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**** 1/2

Album running time


The Flim-Flam Man
1: Main Title (1:41)
2: A Good Trick (:16)
3: No Rest for the Wicked (3:46)
4: A Little Inspiration (1:38)
5: Stolen Property (3:14)
6: The Getaway (3:00)
7: The Main Line (2:17)
8: Times Gone By (1:07)
9: The Visitor (3:23)
10: Good Night / The Homestead (2:46)
11: The Hayseed (1:17)
12: A Poor Ending (:51)
13: Run for It (1:08)
14: Curley's Plan (2:44)
15: Curley's Farewell (1:16)
16: The Waiting Game (1:24)
17: On the Road Again (1:12)

A Girl Named Sooner
18: Main Title (3:04)
19: Sooner Frees the Calf (:45)
20: Into Town (:29)
21: Mac and Elizabeth (2:08)
22: Elizabeth Meets Sooner (:35)
23: The Bath / Bird's New Perch (2:49)
24: Becoming a Family / Jumping Rope (2:59)
25: Isolation (2:19)
26: Elizabeth Comforts Sooner (2:37)
27: A Kiss Goodnight (:59)
28: Runaway (2:08)
29: Second Thoughts (1:24)
30: Tears of Regret (:54)
31: Sooner and Grammy / Reconciliation (4:19)
32: Making a Difference (2:14)
33: End Title (1:00)

Performed by
conducted by

Produced by

Released by
Serial number
FSM Vol 2 No 9

Artwork copyright (c) 1975 Twentieth Century Fox Film Corporation; review copyright (c) 2002 James Southall

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Double joy

Jerry Goldsmith's knack of being able to find films of the lowest quality to work on is not something he has picked up in the recent years of his career, but was something he exercised just as vigorously in the earlier days. Irvin Kerschner's The Flim-Flam Man was one such film, a gentle comedy starring the wonderful George C. Scott that elicited one of Goldsmith's most beautiful scores.

Its bucolic stylings perfectly evoke rural America, and actually bring to mind Goldsmith's gentler western scores of the time. The film's slapstick humour allowed Goldsmith the chance to just sit back and have fun: something he does frequently these days, but perhaps was less willing to do in the 1960s. We should be grateful that he did, though. This is one of the most pleasant Goldsmith scores there is.

The main title is very enjoyable, frequently heard on the harmonica. There are also passages for banjo and vibraphones. The score's most famous sections are probably the very complex rickety piano cues. The score was previous available on the legendary SPFM Tribute album, but the suite presented there actually left off many of the key cues, which makes this Film Score Monthly album all the more welcome.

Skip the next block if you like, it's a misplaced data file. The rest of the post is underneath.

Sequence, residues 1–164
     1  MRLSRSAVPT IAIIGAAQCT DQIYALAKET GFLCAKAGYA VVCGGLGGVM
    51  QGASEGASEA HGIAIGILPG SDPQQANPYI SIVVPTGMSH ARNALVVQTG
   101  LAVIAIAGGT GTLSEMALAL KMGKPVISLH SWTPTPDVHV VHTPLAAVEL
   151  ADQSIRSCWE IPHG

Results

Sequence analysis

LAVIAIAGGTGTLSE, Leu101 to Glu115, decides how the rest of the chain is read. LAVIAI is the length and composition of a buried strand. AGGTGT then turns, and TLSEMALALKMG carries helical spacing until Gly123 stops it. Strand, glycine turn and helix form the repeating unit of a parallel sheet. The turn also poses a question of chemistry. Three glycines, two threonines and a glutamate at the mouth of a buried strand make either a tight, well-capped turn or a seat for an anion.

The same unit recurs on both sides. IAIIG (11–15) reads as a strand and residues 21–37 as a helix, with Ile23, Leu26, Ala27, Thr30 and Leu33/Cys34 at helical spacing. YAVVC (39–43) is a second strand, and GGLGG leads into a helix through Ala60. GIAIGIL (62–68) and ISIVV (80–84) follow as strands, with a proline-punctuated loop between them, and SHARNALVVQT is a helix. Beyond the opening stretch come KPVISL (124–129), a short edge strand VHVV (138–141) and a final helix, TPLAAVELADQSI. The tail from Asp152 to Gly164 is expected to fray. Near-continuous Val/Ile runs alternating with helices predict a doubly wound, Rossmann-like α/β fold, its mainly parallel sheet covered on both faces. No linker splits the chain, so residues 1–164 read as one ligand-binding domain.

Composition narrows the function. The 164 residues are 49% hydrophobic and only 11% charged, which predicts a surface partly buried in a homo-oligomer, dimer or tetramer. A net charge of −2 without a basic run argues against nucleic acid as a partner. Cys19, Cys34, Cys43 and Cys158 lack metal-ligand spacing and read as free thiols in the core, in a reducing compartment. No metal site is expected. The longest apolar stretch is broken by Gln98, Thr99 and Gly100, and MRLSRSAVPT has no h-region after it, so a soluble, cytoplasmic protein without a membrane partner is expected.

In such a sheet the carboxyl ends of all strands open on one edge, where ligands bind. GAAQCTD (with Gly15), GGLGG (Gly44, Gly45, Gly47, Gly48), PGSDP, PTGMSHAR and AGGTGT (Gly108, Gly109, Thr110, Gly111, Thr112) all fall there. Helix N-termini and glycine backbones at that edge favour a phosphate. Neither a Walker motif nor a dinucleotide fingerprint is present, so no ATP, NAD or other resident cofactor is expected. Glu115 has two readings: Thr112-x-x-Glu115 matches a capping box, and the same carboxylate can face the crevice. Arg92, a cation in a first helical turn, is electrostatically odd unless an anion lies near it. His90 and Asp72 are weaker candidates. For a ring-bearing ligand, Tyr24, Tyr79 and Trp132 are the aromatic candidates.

After the 32 minutes or so of The Flim-Flam Man (which represent the entirety of Goldsmith's contribution to the movie) comes a welcome surprise, Goldsmith's score for the 1975 tv movie A Girl Named Sooner. It is another pastoral and beautiful score, along the lines of The Flim-Flam Man but possibly even more affecting. Again, I don't know what possessed Goldsmith to score the film (perhaps it was the opportunity of teaming up again with director Delbert Mann), but again I'm glad he did.

The film's apparently about a couple who adopt a child to try to bring them closer together, and Goldsmith's score is not a million miles away from Elmer Bernstein's classic "children's" score To Kill a Mockingbird, both in terms of style and quality. Flute, violin, harp and harmonica are all emphasised through the flavourful and emotional score, which is one of the best television scores I've ever heard. Goldsmith never did differentiate between writing for the small and large screen, unlike most composers who jump between the media. The main theme reminds me so much of something, but I can't quite think what; whatever it is, I love it. It's highly-beautiful, really one of the composer's most attractive creations.

Sound quality throughout is excellent: The Flim-Flam Man is presented in clear, crisp stereo and A Girl Named Sooner, while in mono, still sounds great, and puts the previous bootleg of the score to shame. Liner notes are as informative as usual, and overall this is another release to treasure. There's one very good, and one outstanding, Goldsmith score here - and, surprisingly, it is the later tv movie score that is the better of the works.